Lawrencetown: Beautiful Elms and Dangerous Curves

There are a number of mid-Annapolis Valley villages and towns that we tend to drive by, and if we happen to drive through, they just get a passing glance. Lawrencetown is a good example. Even when we had a summer cottage nearby, Lawrencetown was a destination only for the County Exhibition held every August.

So recently, when Sheila was attending the Small Farm Expo in the village, I decide to come along to see what there was to notice. The Expo took place on the Exhibition grounds that felt like I remembered them from 60+ years ago.

Some details that caught my attention: robust letters on the demonstration building sign.

Tidy signage on the exhibition buildings.

Some old asphalt siding in my favourite brick pattern, with spirited trim painting .

These climbing spikes used to be a standard feature on utility poles. Made redundant by bucket trucks.

Then I left the fair grounds and wandered around town. In this part of the valley, communities are next to crossings of the Annapolis River. Lawrencetown is well above the traditional head of tide and the banks are beautifully treed.

These days, the outside world knows Lawrencetown as the home of the Centre of Geographic Sciences (COGS), a branch of the Community College System. In the recent past, graduates were almost guaranteed a well-paying job. There were many apartment for rent signs, which I assume are aimed at students.

Several former commercial buildings have been converted to apartments.

I liked this pair of houses with asymmetric entrances. On the house to the right, the entrance bay is probably an addition to an older building (in the 1870s?).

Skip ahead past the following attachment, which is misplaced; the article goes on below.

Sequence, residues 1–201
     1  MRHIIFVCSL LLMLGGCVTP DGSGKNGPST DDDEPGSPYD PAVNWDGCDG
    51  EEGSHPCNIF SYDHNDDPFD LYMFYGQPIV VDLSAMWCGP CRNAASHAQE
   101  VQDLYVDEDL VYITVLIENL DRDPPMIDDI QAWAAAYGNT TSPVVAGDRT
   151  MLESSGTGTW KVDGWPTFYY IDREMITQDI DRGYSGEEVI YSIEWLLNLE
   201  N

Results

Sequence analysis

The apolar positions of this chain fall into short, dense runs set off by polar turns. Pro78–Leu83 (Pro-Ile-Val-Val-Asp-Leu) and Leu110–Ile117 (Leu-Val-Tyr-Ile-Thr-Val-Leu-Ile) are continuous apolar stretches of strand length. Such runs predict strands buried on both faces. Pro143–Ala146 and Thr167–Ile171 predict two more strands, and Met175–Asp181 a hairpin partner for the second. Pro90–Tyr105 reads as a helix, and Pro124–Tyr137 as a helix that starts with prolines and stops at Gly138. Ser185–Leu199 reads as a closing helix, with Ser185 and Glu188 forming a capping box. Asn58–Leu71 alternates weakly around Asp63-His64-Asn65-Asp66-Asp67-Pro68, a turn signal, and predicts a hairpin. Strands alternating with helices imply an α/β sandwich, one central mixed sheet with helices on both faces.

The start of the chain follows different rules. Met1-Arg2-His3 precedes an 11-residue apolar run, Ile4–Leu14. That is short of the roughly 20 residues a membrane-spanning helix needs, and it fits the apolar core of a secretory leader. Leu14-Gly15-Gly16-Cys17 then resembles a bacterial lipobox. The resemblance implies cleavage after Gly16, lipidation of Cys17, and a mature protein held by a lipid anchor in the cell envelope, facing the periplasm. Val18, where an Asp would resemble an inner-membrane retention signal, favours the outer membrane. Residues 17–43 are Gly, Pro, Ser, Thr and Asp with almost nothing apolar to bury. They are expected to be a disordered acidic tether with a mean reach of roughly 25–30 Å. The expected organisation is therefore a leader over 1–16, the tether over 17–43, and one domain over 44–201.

I sought out a building that has fascinated me over the decades. Today it doesn’t look too interesting.

But when I took this photo about 20 years ago the building was totally concrete or stucco and the front rooms had curved walls. Originally those rooms had a continuous band of windows, with curved glass at the corners.

And of course I’m always  drawn to a house with “authentic character.”

There is a timeless quality to the village summed up by a tableau at the garage: a classic phone booth, in the shape of a phone, and the Christmas in July sign.

Old Route One is the main street of most of the valley towns. In my youth, at the outskirts of Lawrencetown you were greeted by a sign that read “Beautiful Elms and Dangerous Curves.” As a child I found this confusing. Dutch elm disease destroyed all the elms long ago. I guess the curves are still there.

An elegant freight shed is a reminder that this part of the valley was once served by two rail lines.

Several of the church buildings appear to be no longer used as churches. This c1840 Anglican(?) is a treasure.

At the end of the morning I returned to the fairgrounds to pick up Sheila,  just in time to see some cattle, who had attended the Expo, packing up for the return trip to their farm.


  • As I watched that cow I was sitting on some fine metal bleachers.

When I looked around I noticed signs announcing the bleachers were manufactured in Lawrencetown. Very smart.

  • That odd concrete house  always made me think of the c1920 Einstein Tower, a masterpiece of expressionist architecture. The mind works in strange ways.

About the author

Stephen Archibald

It’s Stephen Archibald doing the noticing. I’m a huge fan of Nova Scotia’s material culture and cultural landscapes. Twitter (@Cove17 ) made me realize I could share what attracted my attention (perfect for my very short attention) and I’m gratified when folks enjoy my content. Pleased to meet you on the internet.